Protesting the soon-to-expire Patriot Act, presidential candidate Sen. Rand Paul held the floor of the Senate for 11 hours late Wednesday in a filibuster-like speech railing against the law and the government’s continued surveillance of Americans’ phone records.
“I don’t think we’re any safer looking at every American’s records,” Paul said.
As NPR’s Ailsa Chang reports, the Senate is expected to vote this week on a House-passed bill that would prevent the government from collecting and storing phone records, but it would let the government get that data from phone companies with a court order. Paul opposes that bill or any plan that would continue surveillance of phone records.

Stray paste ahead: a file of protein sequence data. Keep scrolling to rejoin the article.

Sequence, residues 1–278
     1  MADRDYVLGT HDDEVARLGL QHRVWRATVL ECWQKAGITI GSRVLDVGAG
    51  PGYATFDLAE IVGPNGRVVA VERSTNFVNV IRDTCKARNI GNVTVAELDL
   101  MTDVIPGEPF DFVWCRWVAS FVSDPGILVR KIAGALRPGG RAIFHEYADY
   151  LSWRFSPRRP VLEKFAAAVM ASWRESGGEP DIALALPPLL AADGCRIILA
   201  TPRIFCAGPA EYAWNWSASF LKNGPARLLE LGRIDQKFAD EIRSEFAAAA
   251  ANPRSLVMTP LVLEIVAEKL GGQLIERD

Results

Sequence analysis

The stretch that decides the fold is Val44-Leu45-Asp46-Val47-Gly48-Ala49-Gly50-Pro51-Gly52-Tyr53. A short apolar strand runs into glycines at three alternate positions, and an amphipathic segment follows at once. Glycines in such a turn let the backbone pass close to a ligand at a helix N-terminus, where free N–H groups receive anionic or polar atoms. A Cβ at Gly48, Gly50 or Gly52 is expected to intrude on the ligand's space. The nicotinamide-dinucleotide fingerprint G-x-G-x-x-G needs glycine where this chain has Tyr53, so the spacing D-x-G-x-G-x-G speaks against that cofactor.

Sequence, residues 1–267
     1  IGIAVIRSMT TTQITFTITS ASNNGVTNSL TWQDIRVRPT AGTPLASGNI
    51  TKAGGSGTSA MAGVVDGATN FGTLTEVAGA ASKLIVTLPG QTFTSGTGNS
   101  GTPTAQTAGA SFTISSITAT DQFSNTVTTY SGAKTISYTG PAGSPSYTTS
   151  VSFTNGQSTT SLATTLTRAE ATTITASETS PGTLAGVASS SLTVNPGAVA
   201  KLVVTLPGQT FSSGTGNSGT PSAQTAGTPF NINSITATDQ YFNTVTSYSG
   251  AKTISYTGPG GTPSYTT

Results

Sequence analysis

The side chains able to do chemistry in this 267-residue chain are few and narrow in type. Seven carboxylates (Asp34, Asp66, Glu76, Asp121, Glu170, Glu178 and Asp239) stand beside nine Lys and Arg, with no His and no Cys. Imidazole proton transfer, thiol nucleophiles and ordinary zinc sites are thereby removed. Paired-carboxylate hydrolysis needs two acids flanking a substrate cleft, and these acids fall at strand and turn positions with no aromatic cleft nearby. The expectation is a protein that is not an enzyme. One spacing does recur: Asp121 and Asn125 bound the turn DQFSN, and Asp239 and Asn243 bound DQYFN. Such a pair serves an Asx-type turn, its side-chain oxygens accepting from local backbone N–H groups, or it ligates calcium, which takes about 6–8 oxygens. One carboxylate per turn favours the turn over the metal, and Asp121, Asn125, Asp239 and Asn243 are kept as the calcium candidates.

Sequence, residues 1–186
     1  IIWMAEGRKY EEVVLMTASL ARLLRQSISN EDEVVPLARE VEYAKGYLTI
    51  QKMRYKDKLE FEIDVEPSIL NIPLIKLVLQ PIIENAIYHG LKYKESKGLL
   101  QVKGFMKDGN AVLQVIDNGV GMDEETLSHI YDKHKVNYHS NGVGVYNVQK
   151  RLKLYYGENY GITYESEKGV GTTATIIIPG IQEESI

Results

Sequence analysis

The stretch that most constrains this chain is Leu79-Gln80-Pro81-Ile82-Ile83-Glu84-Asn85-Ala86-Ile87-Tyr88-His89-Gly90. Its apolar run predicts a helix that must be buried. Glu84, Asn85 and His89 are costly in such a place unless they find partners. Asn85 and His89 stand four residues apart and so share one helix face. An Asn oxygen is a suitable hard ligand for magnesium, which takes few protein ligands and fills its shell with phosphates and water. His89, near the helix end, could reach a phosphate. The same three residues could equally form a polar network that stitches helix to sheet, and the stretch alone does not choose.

Paul said the Patriot Act “isn’t about the vast majority of good people who work in government. It’s about preventing the bad apple — it’s about preventing the one bad person that might get into government and decide to abuse the rights of individuals.”
Congress has until June 1 to renew the law without it lapsing; Paul’s “filibuster” is unlikely to do more than possibly delay its passage in the Senate.
“There comes a time in the history of nations when fear and complacency allow power to accumulate and liberty and privacy to suffer,” the Kentucky senator said at 1:18 p.m. EDT when he took to the Senate floor. “That time is now, and I will not let the Patriot Act, the most unpatriotic of acts, go unchallenged.”
The Associated Press says he finished at 11:49 p.m., having held the podium for more than 10 hours.
The AP says that Paul’s fellow Kentuckian, Senate Majority Leader Mitch McConnell, has said the Senate will move on the Patriot Act before the Memorial Day recess.